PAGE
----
American will be first cyclist to ride a vegan Tour de France

 

Los Angeles

The substances consumed by a professional cyclist usually make headlines for all the wrong reasons, but when America's David Zabriskie pedals away from the starting line of the Tour de France this weekend, he will also be commencing a unique nutritional experiment.

For the first time in the 108-year history of his sport's most gruelling event, Zabriskie, who announced his conversion to veganism at the end of last year, says he will attempt to complete the 2,200-mile, three-week race without consuming any meat, eggs or dairy products.

It's a challenge because cyclists on the Tour need to consume roughly 8,000 calories a day. They have traditionally scoffed large portions of meat in order to replace lost protein, which helps muscle recovery. Animal products also replace missing iron, which produces haemoglobin that helps transport oxygen around the body.

Zabriskie, who is six foot tall and weighs just over 10 stone, began experimenting with his diet last season, after a blood test carried out by his team chiropractor revealed that he was highly sensitive to certain types of food. During last year's tour, he began cutting down on meat, believing that it required too much energy to digest.

Shortly afterwards, he stopped consuming milk and cheese, and was pleased with the results. During the off season, which began in October, he decided that it was time to "make some major changes" to his lifestyle, and announced he would be becoming a vegan.

Since then Zabriskie claims to have been in some of the best form of his career, a fact he attributes directly to the new diet. "I think a lot of people see food in terms of whether it's going to make them fat or make them skinny," he told yesterday's Wall Street Journal. "I'm seeing food in terms of how it's going to make me think and will it give me clarity."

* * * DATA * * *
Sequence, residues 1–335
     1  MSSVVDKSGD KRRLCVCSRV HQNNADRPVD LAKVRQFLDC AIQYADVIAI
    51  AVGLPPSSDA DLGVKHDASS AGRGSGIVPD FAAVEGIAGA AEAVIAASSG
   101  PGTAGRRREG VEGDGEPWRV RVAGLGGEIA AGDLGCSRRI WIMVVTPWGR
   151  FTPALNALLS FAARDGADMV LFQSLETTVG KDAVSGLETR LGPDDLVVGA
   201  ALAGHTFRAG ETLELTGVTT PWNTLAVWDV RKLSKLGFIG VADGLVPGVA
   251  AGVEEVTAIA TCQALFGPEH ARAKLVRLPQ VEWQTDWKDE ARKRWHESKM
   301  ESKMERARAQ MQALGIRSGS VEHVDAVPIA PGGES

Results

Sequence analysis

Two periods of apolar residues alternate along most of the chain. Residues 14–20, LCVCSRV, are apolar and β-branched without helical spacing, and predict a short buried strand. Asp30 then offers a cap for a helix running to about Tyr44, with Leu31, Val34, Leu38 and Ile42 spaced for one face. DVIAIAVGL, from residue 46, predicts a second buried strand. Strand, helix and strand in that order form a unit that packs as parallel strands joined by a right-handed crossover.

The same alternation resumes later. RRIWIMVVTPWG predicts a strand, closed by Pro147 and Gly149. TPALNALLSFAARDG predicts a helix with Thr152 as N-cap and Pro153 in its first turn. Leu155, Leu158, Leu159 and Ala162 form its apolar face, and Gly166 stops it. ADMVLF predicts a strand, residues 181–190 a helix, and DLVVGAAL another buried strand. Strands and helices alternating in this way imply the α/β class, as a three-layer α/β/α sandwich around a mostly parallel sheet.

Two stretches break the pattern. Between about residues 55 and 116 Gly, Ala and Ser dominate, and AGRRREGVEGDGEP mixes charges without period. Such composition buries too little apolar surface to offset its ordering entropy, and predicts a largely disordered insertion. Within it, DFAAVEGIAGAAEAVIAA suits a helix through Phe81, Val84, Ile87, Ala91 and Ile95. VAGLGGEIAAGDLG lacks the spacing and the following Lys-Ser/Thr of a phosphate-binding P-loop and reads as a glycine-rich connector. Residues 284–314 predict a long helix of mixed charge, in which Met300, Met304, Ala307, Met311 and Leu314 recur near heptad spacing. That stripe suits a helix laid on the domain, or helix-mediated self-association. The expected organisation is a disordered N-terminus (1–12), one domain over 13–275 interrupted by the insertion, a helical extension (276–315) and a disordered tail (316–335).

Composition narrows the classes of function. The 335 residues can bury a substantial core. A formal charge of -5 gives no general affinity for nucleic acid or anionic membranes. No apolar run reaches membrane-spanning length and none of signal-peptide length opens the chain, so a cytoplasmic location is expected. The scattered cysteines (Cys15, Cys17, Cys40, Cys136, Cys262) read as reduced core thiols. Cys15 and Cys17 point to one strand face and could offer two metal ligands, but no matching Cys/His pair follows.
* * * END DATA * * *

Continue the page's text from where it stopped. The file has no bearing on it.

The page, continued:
He added that his overall health has improved, and that minor ailments, including canker sores and a saddle rash he suffered from persistently, have all begun to clear up. Even his eyesight has sharpened, he told the newspaper.

Zabriskie has adopted the new diet for reasons of health, rather than animal welfare, so he takes a pragmatic approach to some of the demands of a true vegan lifestyle. In a move which might disappoint purists, he has decided to "cheat" by eating small portions of salmon twice a week during the Tour, to increase his ability to absorb iron.

The other secret of his daily diet is a special brand of vegan energy shake, which contains hefty portions of hemp seeds, flax seeds, and protein from brown rice. He began drinking them after suffering from low energy levels earlier this season, and now consumes at least four a day.

That has been enough to keep his physique more muscular than the vegan stereotype. But although Zabriskie's animal-friendly diet may be relatively common in his native Los Angeles, it still stands out in professional cycling, where protein shakes tend to be infused with raw egg whites.

His employers, the Garmin-Cervelo team, admit they were initially concerned by Zabriskie's vegan diet. Team director, Jonathan Vaughters, insisted he ate extra portions of leafy greens, such as spinach, and took regular blood tests to monitor his level of ferritin, the protein that stores iron.

Their fears dissipated when he hit a run of good form, winning the time trial during this year's Tour of California and then coming first in the US national time trial championships.

On paper, Zabriskie still does not have much chance of winning the Tour de France, which he has entered five times and completed three times. But he did win the time trial in 2005 and hopes to replicate that feat.

Mr Vaughters said: "The proof is in the pudding... He's won more time trials this year than he has in his career." The next three weeks, he added, would be "the ultimate test of the vegan diet".

Dishes of the day

It is not the average daily intake, but needing up to 8,000 calories a day and without meat, this is the Zabriskie diet during the Tour de France.

Breakfast...

...is not exactly for a king, with oatmeal with molasses. Nuts, cinnamon and a couple of tablespoons of coconut butter are part of the mix, along with an apple, and hemp seeds.

On the bike...

...Zabriskie will eat vegan bars, gels and shots and up to eight bottles of special race drink.

After the race...

...and before dinner, Zabriskie will eat white rice with maple syrup and cinnamon. Protein drinks will be eaten before dinner along with goji berries.

And for dinner...

...Rice or pasta will be accompanied by salad and vegetables, with a vegan shake and fresh fruit before bed.

Source: Wall Street Journal

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